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    • By VWatchie
      Vostok 2409 Service Walkthrough Disassembly Pictures (Please sort by name in ascending order)
      Vostok 2409 Service Walkthrough Assembly Pictures (Please sort by name in ascending order)

      Being able to service the ETA calibre 2824-2 was a long-term goal and a dream when I started servicing and repairing watches some years ago. However, my first “calibre love” was the Vostok 2409; a reliable Soviet/Russian 17 jewels manual workhorse without any complications which has been around since 1970. It is still in production and found in Vostok’s Komandirskie series of watches, by some called the AK-47s of the watch world, together with its bigger brother the Vostok Amphibian dive watch.
      Modern-day Vostok Amphibians use the automatic Vostok 2415 (w/o date complication) and 2416 (with date complication) calibres, but the Amphibian that I’m servicing in this walkthrough, an Albatross Radio Room, popular among collectors, is from the 1980s and in those days the manual 2409, as well as its predecessor 2209, was commonly used in the Amphibians as well as the Komandirskies.
      While I was servicing this watch, I noticed that the crystal didn’t fit perfectly in the watch case. Being a serious dive watch originally designed for the Soviet navy this was, of course, unacceptable, so I replaced the crystal and video recorded the event in my “Bergeon No 5500 Crystal Press Review”.
      For me, the 2409 was a great movement to get started with as it probably is the most affordable movement on the planet, and spare parts are readily available and cost next to nothing. A lost or damaged part never spells financial disaster. Also, eBay offers an abundance of used Vostok watches in decent condition housing this movement for as little as $20 and sometimes less. A brand new Vostok 2409 (www.meranom.com) can be had for as little as $27. Be aware that, almost without exception, the eBay listings always state that these Vostok watches have been serviced, but in my experience they never are. Well, maybe dipped in a can of naphtha, left to dry and then injected with a bit of oil here and there. I’ve seen horrible examples!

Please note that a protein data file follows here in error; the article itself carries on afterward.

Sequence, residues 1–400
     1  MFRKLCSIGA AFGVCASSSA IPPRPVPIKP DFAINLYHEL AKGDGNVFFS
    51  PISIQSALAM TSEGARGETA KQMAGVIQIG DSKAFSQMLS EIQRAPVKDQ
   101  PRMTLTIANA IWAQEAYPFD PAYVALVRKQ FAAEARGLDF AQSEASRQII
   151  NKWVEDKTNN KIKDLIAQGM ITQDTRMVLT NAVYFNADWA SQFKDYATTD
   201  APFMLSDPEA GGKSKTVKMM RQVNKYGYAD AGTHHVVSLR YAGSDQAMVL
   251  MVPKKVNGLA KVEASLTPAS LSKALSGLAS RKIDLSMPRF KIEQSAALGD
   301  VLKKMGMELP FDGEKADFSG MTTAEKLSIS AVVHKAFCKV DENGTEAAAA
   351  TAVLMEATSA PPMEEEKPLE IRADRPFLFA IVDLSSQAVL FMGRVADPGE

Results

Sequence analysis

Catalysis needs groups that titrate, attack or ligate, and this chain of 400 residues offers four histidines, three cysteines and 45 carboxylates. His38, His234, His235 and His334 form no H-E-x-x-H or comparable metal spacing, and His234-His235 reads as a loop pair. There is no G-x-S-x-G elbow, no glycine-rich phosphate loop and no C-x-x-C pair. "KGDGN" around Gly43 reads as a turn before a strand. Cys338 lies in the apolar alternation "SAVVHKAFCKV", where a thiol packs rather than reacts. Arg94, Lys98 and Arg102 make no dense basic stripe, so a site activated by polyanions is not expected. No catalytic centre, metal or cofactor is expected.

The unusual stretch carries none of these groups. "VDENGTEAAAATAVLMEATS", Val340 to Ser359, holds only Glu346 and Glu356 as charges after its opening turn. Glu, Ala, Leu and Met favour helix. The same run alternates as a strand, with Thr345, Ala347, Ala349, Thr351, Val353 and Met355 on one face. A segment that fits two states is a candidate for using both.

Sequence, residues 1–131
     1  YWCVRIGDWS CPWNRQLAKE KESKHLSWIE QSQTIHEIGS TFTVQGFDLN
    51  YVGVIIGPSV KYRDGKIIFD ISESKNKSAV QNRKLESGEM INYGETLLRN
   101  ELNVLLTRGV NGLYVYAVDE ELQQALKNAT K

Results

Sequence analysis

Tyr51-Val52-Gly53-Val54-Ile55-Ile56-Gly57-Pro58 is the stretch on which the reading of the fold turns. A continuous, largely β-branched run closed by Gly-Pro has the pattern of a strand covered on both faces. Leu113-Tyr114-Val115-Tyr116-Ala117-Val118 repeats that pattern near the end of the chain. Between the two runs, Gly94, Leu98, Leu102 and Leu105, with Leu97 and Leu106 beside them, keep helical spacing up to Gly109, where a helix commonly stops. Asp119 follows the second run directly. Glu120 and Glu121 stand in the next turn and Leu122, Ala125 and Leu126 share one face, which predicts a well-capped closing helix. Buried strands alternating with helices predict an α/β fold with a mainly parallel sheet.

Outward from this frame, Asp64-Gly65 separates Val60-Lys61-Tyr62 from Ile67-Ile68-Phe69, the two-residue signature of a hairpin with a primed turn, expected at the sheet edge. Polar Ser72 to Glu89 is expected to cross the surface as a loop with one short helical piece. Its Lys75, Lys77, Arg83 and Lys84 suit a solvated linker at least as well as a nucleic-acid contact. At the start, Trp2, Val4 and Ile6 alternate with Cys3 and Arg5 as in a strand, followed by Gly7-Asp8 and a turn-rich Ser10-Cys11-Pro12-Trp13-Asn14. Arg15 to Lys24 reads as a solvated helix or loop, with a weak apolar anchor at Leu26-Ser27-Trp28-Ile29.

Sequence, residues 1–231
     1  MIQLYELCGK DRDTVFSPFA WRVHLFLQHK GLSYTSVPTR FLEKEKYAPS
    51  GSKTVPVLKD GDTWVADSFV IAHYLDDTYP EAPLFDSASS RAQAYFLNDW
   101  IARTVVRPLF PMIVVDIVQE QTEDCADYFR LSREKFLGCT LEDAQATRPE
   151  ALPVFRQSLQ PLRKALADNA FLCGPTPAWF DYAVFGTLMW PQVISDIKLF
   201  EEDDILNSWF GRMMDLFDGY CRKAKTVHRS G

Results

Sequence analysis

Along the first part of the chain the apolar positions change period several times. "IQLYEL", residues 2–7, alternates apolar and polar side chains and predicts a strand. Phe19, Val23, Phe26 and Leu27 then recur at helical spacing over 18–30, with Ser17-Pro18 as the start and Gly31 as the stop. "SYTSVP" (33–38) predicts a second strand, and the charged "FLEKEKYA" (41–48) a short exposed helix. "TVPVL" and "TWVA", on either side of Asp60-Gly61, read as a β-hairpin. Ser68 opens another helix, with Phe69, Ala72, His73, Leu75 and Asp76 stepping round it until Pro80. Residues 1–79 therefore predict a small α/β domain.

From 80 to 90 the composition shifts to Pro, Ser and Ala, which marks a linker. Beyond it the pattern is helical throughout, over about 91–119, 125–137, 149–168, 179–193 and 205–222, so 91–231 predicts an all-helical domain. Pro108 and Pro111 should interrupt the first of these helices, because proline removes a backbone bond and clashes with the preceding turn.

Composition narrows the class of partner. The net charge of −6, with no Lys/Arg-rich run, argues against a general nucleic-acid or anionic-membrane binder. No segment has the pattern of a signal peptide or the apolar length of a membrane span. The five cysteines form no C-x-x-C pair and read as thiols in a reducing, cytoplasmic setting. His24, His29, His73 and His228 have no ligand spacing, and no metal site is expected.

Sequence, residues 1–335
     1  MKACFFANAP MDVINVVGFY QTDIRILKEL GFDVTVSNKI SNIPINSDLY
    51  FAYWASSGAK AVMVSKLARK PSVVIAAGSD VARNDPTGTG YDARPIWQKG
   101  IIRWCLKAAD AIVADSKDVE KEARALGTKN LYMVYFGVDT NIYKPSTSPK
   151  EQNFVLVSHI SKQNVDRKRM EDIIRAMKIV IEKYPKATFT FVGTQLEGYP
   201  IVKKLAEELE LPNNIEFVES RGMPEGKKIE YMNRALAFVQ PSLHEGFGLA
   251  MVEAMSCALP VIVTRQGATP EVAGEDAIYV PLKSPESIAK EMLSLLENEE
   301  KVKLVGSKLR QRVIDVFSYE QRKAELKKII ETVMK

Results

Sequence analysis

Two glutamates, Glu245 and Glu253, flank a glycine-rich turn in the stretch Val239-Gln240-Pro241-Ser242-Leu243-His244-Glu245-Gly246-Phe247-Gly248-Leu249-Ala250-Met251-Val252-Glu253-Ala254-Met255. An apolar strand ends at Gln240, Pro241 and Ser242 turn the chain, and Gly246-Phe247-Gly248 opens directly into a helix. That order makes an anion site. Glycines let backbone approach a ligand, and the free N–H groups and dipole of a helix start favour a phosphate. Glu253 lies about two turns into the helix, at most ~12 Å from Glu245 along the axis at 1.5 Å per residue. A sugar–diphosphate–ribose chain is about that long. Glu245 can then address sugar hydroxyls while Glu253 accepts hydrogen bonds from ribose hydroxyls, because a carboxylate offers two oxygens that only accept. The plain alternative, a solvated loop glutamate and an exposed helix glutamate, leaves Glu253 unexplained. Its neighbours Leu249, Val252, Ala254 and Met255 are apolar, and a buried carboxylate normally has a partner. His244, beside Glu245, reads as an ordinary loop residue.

A somewhat tricky bit about the 2409 is to remove and replace the anti-shock springs. For this, I use a self-made tool made from peg wood. It’s shown in one of the assembly pictures together with a description of how I made it. A very similar tool is demonstrated in this video.
      Later, as I was working myself through Mark Lovick’s watchrepairlessons.com courses, I trained with the Unitas 6498 pocket watch movement which is the selected movement for the courses. In all honesty, from a learning point, the Unitas 6498 would have been an easier movement to get started with (especially the anti-shock springs), but the tinkering with the Vostok 2409 was a low-cost and fun way to get started and made me better prepared for the courses which answered a bunch of questions and was amazingly instructive.
      Eventually, I plan to publish a “Vostok 2414 Service Walkthrough”. The 2414 is identical to the 2409 but adds a very uncomplicated date complication.
      So, if you want a whole lot of fun for next to nothing when it comes to money, there is no other movement I would recommend before the Vostok 24XX movements, and the 2409 is a great starting point if you have a desire to begin tinkering with watches. Be warned though; tinkering may take over a substantial chunk of your life! 
    • By east3rn
      Hello dear watchmakers!
      I am now working on a SU movement, Slava 2427. It is a manual-wind movement with day-date complication
      I am trying to assemble the watch back together after service but I am stuck on the day disc.
      The day disc is fitted OK in my view, teeth underneath the disc interacts with the click and the disc advances naturally as other motion works move clockwise.
      However, the problem is that the days written on the disc are not in the right position and do not fit inside the day window of the dial.
      What could I have done wrong?? 
      Thank you!
       
       



    • By Harmines
      Good evening everyone. I am new to this forum and i can see we have some outstanding experts on the site.
      brand new to watch repair and looking to get some advice. I purchased an Omega seamaster quarts 1342 watch (not currently working and not tested) as it was a bargain and understand that 329 is the equivalent of the original mercury battery used when the watch was manufactured?